what would happen if an Airbnb guest was harmed by fire, or a carbon monoxide leak – a constant concern for hotels. Airbnb’s site says owners “should” make sure they have a functioning CO detector and are following gas safety regulations. But although the money for any stay is paid via Airbnb, Robinson says he doesn’t know who would be responsible if someone were injured that way.

“I’m not a lawyer,” says [Patrick] Robinson [AirBnbB’s public policy director in Europe]. It seems surprising that the eventuality hasn’t come up in business meetings, but Robinson declines to discuss it.

It’s a scenario that has exercised insurance companies, which are wrestling with the question of who is liable in a collision involving a car being driven on an Uber journey, or one of the other car rental services, or a complaint involving Airbnb clients. Premiums might rise, or need extra tweaking.

I still find it surprising if AirBnB hasn’t discussed – and even worked out a plan – for the eventuality of poisoning or death at one of its lets, given that it receives the payments for them.


Samsung says ‘cya’ to ChatON smartphone messaging app >> WSJ

Samsung is closing ChatON, for which it claims a “user base” of over 200m users. To which everyone else says: O RLY? And they used it so much you’re closing it?

“Samsung’s failure in messaging apps is endemic of a broader struggle for the company in software and services,” said Rajeev Chand, managing director at Rutberg & Co., a San Francisco-based investment bank that focuses on the mobile industry.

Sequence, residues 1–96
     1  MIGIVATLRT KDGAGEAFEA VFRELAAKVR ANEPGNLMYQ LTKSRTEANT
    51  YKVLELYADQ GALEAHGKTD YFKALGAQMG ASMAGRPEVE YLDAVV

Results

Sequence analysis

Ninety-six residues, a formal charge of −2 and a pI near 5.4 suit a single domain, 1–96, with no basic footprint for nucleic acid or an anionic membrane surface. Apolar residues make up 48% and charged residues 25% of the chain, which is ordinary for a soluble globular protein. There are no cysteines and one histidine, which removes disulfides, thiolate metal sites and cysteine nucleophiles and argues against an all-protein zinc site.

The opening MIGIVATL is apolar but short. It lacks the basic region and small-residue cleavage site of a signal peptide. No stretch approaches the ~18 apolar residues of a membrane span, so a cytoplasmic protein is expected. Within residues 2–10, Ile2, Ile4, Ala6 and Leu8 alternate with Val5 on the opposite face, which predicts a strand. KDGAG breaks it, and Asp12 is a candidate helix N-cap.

Mr. Chand said he was puzzled by Samsung’s inability to parlay its massive handset sales into at least some traction in software and services, calling it “the defining issue for the company’s long-term success.”

“If they don’t succeed in apps and software, Samsung has a very large risk of being relegated to an increasingly shrinking-margin company,” he said, referring to the recent gains that low-cost Chinese and Indian competitors have made in handset sales in recent months.

Add in this from April:

Strategy Analytics, a Newton, Mass.-based research firm, said in a report Tuesday that U.S. users of Samsung’s devices spend little time on its own messaging, music and voice-activated applications including apps like ChatON, the South Korean company’s answer to services like WhatsApp, Line and Viber.

The report said that U.S. users of Samsung’s Galaxy S3 and S4 smartphones logged an average of six seconds per month using ChatON, compared to more than 11 hours per month on Facebook and about two hours per month on Instagram.

Six. Seconds. This is Samsung’s problem, writ large (or small). By contrast, Apple failed with Ping – but that was a social media app built on top of iTunes, itself a successful Apple-owned platform; iTunes remained. Samsung is left with nothing.

And it was always reluctant to give any hard numbers about ChatON. The irony is that ChatON is going to remain open for slightly longer in the US – apparently that’s one of the busier places.

Even more fun: at the end of November, Samsung categorically denied that it was going to close ChatON. Denials, eh?


Corrected: the author of the Gamergate post is Brianna Wu, not Anita Sarkeesian. Apologies, and thanks to Ron Hayter.